5) Is there a way to encourage people to follow your passion or should we not encourage others that may or may not be respectful in the same manner to the environment?
“Yeah, I believe the Pinelands should be and is open to everyone. But I get back to the lax attitude of the State of New Jersey for not having a motorized access plan. Its created numerous problems both in the destruction of land and destruction of wetlands. It could be much better controlled where more people could get around freely. With a motorized access plan roads could be maintained and roads could be blocked off. I have no problems with blocking off important estuaries, savannas, and intermittent ponds. Guts and life of the Pinelands. Its wide open for off-road vehicles. They do a horrible job and have done major destruction. I want everybody to be out there, but I want them to be responsible. The only way to be responsible is to be encouraged by the state where to go and where not to go. Do I want people out there, yes? Do I want them to ruin it no.”
6) How many people do you know that have told you that what you do in the wild is crazy or kinda weird?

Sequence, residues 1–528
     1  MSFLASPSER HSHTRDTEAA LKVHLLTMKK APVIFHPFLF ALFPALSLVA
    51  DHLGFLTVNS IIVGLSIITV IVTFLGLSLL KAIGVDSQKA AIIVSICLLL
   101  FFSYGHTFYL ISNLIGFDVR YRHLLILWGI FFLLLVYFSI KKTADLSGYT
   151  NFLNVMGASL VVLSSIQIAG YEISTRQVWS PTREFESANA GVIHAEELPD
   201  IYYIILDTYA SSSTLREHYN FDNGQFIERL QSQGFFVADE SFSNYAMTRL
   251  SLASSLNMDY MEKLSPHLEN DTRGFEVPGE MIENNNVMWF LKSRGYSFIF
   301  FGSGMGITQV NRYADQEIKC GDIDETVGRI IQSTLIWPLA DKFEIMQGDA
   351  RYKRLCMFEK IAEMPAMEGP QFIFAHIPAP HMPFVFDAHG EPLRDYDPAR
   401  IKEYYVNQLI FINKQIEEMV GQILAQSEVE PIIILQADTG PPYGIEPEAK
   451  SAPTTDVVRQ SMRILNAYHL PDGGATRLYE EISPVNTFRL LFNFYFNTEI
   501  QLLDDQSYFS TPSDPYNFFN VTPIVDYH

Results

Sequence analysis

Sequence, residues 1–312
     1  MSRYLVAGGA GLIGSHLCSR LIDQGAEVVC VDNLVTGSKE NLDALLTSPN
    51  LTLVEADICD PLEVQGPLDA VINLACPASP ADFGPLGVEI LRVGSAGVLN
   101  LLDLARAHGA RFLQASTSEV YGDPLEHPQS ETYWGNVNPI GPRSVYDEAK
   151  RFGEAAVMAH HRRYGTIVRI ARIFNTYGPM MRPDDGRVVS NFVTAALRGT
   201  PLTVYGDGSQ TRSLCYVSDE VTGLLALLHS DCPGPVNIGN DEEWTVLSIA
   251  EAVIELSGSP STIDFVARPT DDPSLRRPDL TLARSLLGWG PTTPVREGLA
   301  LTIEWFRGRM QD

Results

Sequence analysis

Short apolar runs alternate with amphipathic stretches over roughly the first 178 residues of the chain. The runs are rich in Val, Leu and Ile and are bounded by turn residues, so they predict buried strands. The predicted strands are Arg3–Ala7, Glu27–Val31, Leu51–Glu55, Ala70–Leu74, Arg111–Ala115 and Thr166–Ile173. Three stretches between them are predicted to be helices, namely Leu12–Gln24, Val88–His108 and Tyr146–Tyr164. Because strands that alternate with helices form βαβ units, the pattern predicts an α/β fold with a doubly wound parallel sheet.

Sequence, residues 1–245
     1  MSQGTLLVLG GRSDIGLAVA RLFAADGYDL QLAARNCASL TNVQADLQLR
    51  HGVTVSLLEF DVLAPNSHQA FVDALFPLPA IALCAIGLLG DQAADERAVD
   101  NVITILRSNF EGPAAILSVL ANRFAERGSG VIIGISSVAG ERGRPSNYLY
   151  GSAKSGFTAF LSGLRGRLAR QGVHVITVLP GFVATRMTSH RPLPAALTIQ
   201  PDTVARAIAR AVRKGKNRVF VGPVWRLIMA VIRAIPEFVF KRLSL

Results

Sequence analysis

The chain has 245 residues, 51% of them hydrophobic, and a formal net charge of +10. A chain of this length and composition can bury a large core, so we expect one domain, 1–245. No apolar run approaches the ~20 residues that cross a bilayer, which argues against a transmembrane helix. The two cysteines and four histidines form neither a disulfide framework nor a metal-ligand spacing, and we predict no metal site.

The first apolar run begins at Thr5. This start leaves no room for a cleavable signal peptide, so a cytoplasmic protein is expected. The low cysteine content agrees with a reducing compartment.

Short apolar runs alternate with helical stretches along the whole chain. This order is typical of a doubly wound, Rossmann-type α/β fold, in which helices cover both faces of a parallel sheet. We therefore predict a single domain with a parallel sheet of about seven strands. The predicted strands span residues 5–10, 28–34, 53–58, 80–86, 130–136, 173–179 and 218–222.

“I go out to take a photograph that I’ve already visioned. I’ll go out and estimate when the best time is to go there. Usually I only photograph in the morning 20 minutes before sunrise and 20 minutes after sunrise. Unless there is a fog bank or weather conditions that allow me to shoot more. Once the sun comes up over the trees the light is just horrible. There have been many mornings where I got up 4 o’clock even 3:30. One particular image I took 6 or 7 years ago. I drove from my house to the East Plains and never took the camera out of the bag cause the shot wasn’t there and I came home. On the 8th time it worked, and it worked great. And it is a pretty iconic photograph. People say to me you gotta be crazy. I always say to them especially if their photographers I say to them,” Do you want do this kinda work?” If they say yes than I’ll say you have to get up in the morning. It’s the truth. No control over mother nature. The only thing you have control of is where you go and hopefully your calling the shot with the right weather and your vision is made real. I only really look to make 12 photographs a year. When I go to do something, I key on one spot and keep going there and going there until I get the shot I want.”
7) What’s the best resource you can share with someone looking to pursue your specific hobby?